Some enlisted Soldiers with the 25th Combat Aviation Brigade, Task Force Wings, 25th Infantry Division, pace nervously, some recite answers to anticipated questions, others work on facing movements and weapons drills. They all try to control their nerves.

At any moment, one could be called to enter the boardroom and face six senior noncommissioned officers. The senior NCOs - with more than a century of military experience among them -- test each Soldier to determine if they are truly ready for promotion.

Refusing to allow war to derail their professional careers, every month Soldiers of the 25th CAB appear before enlisted promotion selection boards as part of the process for becoming a sergeant or staff sergeant at Contingency Operating Base Speicher, near Tikrit, Iraq, and Contingency Operating Site Warrior in Kirkuk, Iraq.

Since the brigade deployed to Iraq in September 2009, more than 200 Soldiers with the 25th CAB have competed for promotion. Not everyone is recommended.

Two Soldiers who did, earned their "promotable" status, are Specialists Katherine Gutierrez and Aaron Rickert, both human resource specialists with Headquarters and Headquarters Company, 25th CAB, TF Wings. Both Soldiers appeared before "mock" boards called Soldier of the Month boards hosted by their company leadership prior to appearing before a battalion-level promotion board. They both learned valuable lessons from attending Soldier of the Month boards.

"One of the biggest challenges was maintaining the motivation and self-discipline to continue preparing when I didn't get recommended to go to the promotion board after the Soldier of the Month board," said Spc. Rickert, a native of San Antonio. "But, I didn't let the setback discourage me. It's in the Soldier's Creed to never quit, and I knew that I wouldn't be the kind of leader others look up to if I refused to continue trying to get promoted."

"Nerves were my biggest challenge, but having gone to two Soldier of the Month boards helped me relax," added Spc. Gutierrez, a native of Corpus Christi, Texas. "The pre-boards were very valuable," she continued. "I would recommend that Soldiers take those seriously. I would also recommend that to pass the promotion board Soldiers not get discouraged if they miss a question. That will happen. Be resilient and stay confident."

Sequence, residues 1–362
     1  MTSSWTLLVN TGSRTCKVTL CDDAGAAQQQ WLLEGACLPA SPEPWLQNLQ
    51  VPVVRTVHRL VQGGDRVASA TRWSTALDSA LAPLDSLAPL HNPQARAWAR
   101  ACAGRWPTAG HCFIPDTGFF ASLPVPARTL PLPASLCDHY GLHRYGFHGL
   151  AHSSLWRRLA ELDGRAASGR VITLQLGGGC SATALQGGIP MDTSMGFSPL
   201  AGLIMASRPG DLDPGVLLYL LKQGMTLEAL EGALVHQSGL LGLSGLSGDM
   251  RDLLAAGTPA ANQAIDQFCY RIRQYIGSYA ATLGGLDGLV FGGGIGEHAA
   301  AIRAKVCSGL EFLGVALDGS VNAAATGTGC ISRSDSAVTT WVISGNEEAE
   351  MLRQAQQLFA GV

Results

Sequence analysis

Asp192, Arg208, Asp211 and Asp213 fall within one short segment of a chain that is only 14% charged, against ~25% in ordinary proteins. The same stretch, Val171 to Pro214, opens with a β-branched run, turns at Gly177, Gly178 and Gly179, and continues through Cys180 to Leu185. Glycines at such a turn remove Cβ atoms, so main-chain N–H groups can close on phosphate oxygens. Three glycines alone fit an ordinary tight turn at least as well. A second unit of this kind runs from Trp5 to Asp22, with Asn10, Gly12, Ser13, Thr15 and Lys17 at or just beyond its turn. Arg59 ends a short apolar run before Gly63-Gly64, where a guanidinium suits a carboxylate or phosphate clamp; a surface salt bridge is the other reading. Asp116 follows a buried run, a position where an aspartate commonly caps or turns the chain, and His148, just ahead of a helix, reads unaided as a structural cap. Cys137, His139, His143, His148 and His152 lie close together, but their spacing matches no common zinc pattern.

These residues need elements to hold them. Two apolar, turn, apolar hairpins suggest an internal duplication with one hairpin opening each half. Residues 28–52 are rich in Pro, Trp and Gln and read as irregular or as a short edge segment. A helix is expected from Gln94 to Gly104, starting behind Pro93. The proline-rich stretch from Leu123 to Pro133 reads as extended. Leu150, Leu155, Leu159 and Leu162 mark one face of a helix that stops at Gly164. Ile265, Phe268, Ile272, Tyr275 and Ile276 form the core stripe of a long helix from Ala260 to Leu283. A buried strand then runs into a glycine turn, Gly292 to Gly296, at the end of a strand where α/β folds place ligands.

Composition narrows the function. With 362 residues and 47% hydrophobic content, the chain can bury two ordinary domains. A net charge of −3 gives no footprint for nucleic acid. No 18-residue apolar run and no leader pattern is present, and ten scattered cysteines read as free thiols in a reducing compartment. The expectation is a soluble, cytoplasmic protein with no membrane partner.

Command Sergeant Major Necati Akpinar, a native of Ankara, Turkey, and command sergeant major, 2nd Battalion, 25th Aviation Regiment, TF Diamond Head, serves as the president of the board for TF Diamond Head, and has evaluated hundreds of Soldiers for promotion in his career.

According to Command Sgt. Maj. Akpinar, war is no reason to postpone NCO development. Every Soldier has a specific military occupational specialty, but each is a Soldier first. As such, each must maintain the necessary level of substantive knowledge, technical and tactical proficiency, and the confidence to lead others.

"Professional development continues no matter the environment," explained Command Sgt. Maj. Akpinar. "And our promotion boards are always tough. When we recommend a Soldier for promotion, we look at that Soldier as our replacement. They must, of course, possess a certain level of knowledge, but each must also be able to express themselves confidently and in clear language," he said.

"The Soldiers up for promotion are our Army's future. We pick the best of the best. We will not leave the Army in [the] hands [of someone] that cannot do the job. We will not set our Army up for failure."

Among the best at the TF Diamond Head promotion board June 1 was Sergeant Christopher Elder, UH-60 Black Hawk crew chief and company standardization instructor, Company C, 2nd Bn., 25th Avn. Regt., TF Diamond Head. Sergeant Elder not only participated in the board, but also sponsored and prepared three of his own Soldiers to attend the June 1 board.

Sergeant Elder agreed with Command Sgt. Maj. Akpinar that because a Soldier is deployed is no excuse to suspend professional development.

"You should never put your development on hold," said Sgt. Elder, a native of Rockland, Calif. "As important as it was for me to further my goals and get promoted to staff sergeant, it's equally important for me as an NCO to help my Soldiers further their professional goals. That's really what being an NCO all is about. I look at my Soldiers as our future enlisted leaders, and my job is to train them to replace me."